Trade School vs. College: Experience, Cost, & Career Opportunities
WHILE MANY HIGH SCHOOL GRADUATES FEEL PRESSURED TO ENTER 4-YEAR COLLEGE, THERE ARE OTHER, MORE PRACTICAL EDUCATIONAL OPPORTUNITIES WHICH CAN PREPARE THEM FOR HIGH-PAYING CAREERS.
September 5, 2020
Most high-paying jobs require some sort of formal training. Many people elect to attend college, and earning a degree is one way to catapult yourself into a rewarding career. But for many, college is more of a chore than a learning opportunity—while there are many benefits to a college education, it is not the path for everyone. And that’s okay, considering there are more learning options available, and well-paying career paths that don’t require college.
One such option is going to a trade school. Trade school is great for those who are not interested in a typical sit-down classroom education, but rather a hands-on learning experience. And beyond that, a trade school education can be completed more quickly than a four-year degree.
Before deciding whether to attend college or go to trade school, it’s important to think about what each education brings in terms of cost, education experience, and the career opportunities that await after graduation.
What is the difference between trade school and college?
Attending trade school or college largely depends on your career choice. For those that are unsure what career they want to pursue, college is a great choice. You’ll gain a breadth of knowledge on a wide range of subjects, while having some time to decide what field of study you want to focus on. For those that do know what they want to do with their career, trade school is the better option. Trade school is specific, so you’ll only learn Is specialized for one career. That will prepare you to enter the workforce with extremely applicable knowledge and skills.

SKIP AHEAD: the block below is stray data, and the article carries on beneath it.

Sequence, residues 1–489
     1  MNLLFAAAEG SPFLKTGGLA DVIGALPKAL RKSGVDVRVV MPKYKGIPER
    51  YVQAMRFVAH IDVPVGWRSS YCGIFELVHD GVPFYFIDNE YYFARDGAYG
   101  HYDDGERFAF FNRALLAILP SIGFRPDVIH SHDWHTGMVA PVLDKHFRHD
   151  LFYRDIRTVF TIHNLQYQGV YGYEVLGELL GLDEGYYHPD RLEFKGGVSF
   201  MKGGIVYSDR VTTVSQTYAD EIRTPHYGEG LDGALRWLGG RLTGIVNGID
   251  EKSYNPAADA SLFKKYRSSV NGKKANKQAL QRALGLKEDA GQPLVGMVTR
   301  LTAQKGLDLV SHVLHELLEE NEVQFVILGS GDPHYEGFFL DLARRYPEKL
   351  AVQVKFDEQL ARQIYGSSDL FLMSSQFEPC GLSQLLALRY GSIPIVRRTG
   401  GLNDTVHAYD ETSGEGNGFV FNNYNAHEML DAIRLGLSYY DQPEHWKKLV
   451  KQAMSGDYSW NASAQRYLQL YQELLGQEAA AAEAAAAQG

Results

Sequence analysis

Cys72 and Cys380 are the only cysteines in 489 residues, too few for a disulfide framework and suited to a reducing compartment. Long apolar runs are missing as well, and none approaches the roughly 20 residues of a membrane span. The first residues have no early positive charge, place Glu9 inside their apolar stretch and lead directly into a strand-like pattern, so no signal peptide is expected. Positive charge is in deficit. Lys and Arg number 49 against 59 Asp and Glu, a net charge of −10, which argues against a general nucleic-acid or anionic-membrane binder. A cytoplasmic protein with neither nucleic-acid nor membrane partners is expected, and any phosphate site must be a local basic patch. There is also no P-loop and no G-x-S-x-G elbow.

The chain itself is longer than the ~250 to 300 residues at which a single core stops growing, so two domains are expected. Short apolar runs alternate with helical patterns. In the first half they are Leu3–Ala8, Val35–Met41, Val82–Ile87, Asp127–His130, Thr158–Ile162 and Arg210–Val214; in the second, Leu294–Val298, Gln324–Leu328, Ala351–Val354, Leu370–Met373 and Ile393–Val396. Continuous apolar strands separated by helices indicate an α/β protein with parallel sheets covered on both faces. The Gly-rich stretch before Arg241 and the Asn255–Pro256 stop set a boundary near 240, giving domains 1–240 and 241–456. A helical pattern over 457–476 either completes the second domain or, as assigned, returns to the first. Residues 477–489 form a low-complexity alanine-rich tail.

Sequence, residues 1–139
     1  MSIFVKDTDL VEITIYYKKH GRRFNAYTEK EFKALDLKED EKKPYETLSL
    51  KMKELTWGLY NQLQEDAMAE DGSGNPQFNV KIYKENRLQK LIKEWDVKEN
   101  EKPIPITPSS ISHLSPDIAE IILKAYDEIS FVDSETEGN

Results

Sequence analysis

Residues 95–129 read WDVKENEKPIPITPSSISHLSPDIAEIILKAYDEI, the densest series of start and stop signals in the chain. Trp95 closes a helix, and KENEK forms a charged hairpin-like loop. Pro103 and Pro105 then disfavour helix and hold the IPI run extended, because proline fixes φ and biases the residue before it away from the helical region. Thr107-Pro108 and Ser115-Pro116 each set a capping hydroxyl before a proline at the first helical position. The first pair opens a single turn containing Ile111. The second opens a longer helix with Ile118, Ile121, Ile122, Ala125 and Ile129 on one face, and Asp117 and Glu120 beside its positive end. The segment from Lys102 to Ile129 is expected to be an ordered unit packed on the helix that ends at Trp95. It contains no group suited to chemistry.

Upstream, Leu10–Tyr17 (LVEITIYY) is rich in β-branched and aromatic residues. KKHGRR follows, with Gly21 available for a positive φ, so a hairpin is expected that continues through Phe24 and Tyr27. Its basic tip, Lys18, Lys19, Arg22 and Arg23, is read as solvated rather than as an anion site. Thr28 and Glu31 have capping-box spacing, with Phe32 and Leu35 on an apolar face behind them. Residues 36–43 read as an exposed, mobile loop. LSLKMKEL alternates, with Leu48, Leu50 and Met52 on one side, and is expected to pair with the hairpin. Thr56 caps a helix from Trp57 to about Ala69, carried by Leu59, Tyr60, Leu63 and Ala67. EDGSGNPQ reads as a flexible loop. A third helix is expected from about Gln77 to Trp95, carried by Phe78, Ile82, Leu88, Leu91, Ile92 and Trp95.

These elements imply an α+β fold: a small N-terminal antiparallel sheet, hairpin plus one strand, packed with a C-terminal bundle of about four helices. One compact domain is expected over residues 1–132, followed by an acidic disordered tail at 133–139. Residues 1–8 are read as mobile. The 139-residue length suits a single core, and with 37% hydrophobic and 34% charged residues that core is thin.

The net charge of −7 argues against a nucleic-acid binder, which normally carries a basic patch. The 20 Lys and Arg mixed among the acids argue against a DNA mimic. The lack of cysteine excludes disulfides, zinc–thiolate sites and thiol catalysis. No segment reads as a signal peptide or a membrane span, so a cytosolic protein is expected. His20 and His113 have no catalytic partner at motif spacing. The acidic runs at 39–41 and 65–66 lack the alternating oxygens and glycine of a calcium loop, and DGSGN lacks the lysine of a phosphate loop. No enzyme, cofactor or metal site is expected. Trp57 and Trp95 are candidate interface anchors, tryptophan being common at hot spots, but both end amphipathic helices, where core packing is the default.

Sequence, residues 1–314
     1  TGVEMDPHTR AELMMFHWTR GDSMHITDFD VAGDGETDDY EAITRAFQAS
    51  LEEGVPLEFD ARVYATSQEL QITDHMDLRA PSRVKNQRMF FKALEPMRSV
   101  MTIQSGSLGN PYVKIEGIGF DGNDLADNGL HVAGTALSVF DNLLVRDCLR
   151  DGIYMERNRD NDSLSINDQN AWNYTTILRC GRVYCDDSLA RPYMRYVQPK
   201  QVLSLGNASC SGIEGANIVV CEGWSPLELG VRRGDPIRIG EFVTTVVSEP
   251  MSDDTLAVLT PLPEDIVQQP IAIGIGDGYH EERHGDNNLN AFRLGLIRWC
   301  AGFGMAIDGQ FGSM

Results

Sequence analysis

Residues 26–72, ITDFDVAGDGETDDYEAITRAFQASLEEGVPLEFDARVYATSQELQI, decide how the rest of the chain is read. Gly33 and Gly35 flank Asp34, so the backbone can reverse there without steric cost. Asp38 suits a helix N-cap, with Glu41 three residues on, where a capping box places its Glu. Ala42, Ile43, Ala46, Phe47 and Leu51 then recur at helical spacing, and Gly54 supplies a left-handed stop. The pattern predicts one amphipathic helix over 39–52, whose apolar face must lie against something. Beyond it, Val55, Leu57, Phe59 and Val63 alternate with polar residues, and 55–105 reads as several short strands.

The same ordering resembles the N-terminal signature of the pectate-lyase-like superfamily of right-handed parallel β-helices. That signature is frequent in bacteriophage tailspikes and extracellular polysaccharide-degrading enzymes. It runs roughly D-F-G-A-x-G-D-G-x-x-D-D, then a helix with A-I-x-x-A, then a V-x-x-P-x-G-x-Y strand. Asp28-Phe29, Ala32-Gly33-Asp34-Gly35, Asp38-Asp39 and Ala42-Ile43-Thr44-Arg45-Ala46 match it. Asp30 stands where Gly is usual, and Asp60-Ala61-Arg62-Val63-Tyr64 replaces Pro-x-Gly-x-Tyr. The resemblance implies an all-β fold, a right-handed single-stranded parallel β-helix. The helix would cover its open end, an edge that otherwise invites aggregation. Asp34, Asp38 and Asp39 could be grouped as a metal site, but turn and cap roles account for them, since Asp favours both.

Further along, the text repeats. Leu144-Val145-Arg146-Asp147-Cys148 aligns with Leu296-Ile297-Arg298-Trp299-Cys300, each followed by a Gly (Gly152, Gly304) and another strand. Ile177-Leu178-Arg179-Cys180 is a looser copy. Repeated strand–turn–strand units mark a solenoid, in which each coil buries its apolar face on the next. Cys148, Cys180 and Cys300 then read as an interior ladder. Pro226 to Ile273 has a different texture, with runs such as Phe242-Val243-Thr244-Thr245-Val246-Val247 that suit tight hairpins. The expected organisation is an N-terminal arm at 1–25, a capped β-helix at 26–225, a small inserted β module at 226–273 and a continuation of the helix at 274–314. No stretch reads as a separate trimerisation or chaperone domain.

Here are some additional comparisons between college and trade school.
Length: Trade school can be completed in the span of a few months, compared to the four years (or longer) it takes to earn a bachelor's degree. Trade school is also flexible. If you attend on a full-time basis, you can complete the course in just months. But you can elect to go on a part-time basis, or even go with a five-year training program, both of which are great for those who are working while attending classes.
Accreditation: Trade schools bestow certificates, but not bachelors degrees. Certificate holders have completed the applicable course and have a solid basic knowledge of the career they intend to pursue.
Scholarships & Financial Aid: Both trade schools and four-year universities offer scholarships and financial aid. And just like college, former and active military members can use their education benefits to pay for tuition and cover additional costs associated with trade school.
Experience: You might think trade school is an education earned outside the classroom, but that is not the case. While around one third of the education is hands-on training, there is a portion of studying that takes place in the classroom. Classwork makes essential requirements of the job—such as, for electricians, understanding how electricity works and learning the national electric code—more understandable. Trade school mixes hands-on work with classroom and textbook work.